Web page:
Use of Patent Invalidity Search for Initial Defense in Pre-Litigation
The relevance of technology in business has increased manifold over the years. As a result, companies that invent new technologies continually secure patents to protect their innovations. This upsurge in the number of patents has, in turn, led to a rise in patent licensing opportunities, as well as patent infringement lawsuits. Businesses that face infringement lawsuits or intend to avoid these lawsuits usually opt for patent invalidity searches to invalidate a rival’s claims to escape punitive damages. Apart from performing invalidity searches during litigation and infringement scenarios, these searches are also needed in pre-litigation cases.
In this article we will cover how a Fortune 500 giant, that had approached Sagacious IP for patent invalidity searches, was able to invalidate the claims of the plaintiff during pre-litigation.
Our client was a US-based Fortune 500 company working in the field of computer memories, semiconductor memories, and data storage; including dynamic random-access memory, flash memory, and USB flash drives. They received an informal notice for patent infringement along with a list of patents from another company (the accuser/plaintiff) that wanted the client to seek licenses for the patents listed by them. In this scenario, it was important for the client to respond to the accuser to save themselves from treble damages*. However, the client could not respond on their own as the accuser had not provided any claim charts or information on how the client’s products were infringing on the listed patents. Hence, the client approached Sagacious IP with a custom project wherein they wanted our team to provide an effective solution.
* In treble damages, the court increases the damages in the patent infringement lawsuits up to three times the amount found or assessed. Such damages are present in case of willful infringement.
Solution Offered by Sagacious IP
After understanding the client’s requirements, our team proposed a quick and cost-effective solution wherein the invalidity search strategy and report were tailored to suit the client’s needs. As the accuser had not provided any information on how the client’s products were infringing their patents, we searched for broader aspects of the claims before the priority of the patents to show that the patents do not disclose anything novel.
In simpler terms, our team did not choose the conventional invalidity approach – that typically includes searching for all the claim elements (102 and 103 art), along with a claim element-based mapping report. Instead, we performed quick searches to identify a large number of prior-art references broadly disclosing the novel aspects of the patent’s claim along with a broad/clause-based mapping report. These quick searches helped in saving time and reducing the effort invested in reporting and mapping claims. This approach was very helpful to our client in formulating an initial defense against the accuser because the accuser had not thought about how they were going to prove infringement and why they wanted the client to take a license from them.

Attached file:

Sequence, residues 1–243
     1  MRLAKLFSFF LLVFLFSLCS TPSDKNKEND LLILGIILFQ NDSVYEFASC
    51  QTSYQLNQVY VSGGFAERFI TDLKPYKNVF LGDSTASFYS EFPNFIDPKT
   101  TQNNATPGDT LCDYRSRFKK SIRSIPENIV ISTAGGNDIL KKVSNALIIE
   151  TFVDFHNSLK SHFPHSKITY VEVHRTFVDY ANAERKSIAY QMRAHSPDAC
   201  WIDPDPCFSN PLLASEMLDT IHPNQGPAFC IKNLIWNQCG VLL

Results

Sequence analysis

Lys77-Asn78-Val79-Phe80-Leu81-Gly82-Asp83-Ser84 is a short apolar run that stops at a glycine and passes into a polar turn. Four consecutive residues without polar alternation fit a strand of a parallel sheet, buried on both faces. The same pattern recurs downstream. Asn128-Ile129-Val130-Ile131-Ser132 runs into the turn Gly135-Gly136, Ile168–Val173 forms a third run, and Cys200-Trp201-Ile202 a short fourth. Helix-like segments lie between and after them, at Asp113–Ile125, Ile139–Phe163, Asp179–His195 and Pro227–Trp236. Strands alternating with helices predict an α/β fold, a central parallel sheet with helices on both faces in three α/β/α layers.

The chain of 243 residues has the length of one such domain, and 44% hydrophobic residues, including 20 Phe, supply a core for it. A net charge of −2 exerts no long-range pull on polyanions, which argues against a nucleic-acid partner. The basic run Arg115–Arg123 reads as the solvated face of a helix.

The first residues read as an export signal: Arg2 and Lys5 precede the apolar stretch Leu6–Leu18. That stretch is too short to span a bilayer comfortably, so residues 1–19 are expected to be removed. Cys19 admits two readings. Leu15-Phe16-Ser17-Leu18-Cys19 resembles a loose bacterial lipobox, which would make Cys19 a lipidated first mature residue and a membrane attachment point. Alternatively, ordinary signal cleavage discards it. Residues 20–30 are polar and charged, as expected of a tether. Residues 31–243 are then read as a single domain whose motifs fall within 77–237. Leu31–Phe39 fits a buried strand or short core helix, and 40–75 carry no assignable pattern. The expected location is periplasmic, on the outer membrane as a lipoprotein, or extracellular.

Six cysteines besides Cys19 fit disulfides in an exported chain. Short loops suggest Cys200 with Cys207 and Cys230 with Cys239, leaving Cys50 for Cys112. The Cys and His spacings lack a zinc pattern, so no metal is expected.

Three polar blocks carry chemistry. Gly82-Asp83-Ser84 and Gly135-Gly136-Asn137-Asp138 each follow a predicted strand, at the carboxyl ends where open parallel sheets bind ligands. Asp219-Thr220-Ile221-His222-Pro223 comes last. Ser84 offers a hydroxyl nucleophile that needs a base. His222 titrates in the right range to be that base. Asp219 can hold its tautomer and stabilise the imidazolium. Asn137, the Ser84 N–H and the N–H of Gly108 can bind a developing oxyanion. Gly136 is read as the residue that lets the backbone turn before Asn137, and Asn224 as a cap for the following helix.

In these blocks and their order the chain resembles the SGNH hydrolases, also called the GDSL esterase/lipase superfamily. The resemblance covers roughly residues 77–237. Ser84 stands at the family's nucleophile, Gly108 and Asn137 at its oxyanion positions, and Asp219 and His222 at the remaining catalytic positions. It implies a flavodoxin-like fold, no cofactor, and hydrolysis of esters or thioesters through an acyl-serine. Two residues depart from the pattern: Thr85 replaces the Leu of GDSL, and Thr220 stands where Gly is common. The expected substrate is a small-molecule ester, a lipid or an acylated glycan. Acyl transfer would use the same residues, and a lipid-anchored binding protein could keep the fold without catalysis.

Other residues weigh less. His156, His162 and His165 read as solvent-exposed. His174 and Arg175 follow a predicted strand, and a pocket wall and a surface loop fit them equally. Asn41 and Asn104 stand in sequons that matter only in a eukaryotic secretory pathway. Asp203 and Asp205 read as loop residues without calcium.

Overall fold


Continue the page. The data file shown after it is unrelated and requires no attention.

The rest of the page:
The patents in question were related to the field of semiconductor technology. For instance, one of the patents disclosed a semiconductor device having a layered structure and use of multiple-mask exposure process during fabrication of the device. The patent’s claims also included the different layers present in the device. So, in this case, instead of searching narrow aspects of the claim to identify 102 prior arts, we searched broadly for the purpose of the claims, i.e., use of multiple-mask exposure process in the semiconductor device fabrication. During our search, we identified around 25 prior arts including 102 and 103 references. Using analysis, we proved that the use of the multi-mask exposure process in the layered semiconductor device was state-of-the-art, i.e., extensive arts were present related to this domain before the priority of the patent.
The client could use these identified references to inform the accuser that their patents were not strong enough and that they could be easily invalidated based on identified prior arts. Furthermore, such a large number of references could help the client to quickly analyze the identified references to find the killer prior-art (102), in case the accusing company filed a lawsuit against them in the future.
The bespoke solution in which Sagacious IP’s team provided a comprehensive report, highlighted all the prior-art references with broad mapping, and helped the client in their initial defense against the accuser. Using the insights and prior-art references, the client was able to successfully respond to multiple intimations and notices from the accuser. Besides providing references, we also helped them in saving costs as our solution was less expensive as compared to conventional invalidation searches. Reach out to us for a bespoke solution.
– Mohit Sharma (ICT Searching) and the Editorial Team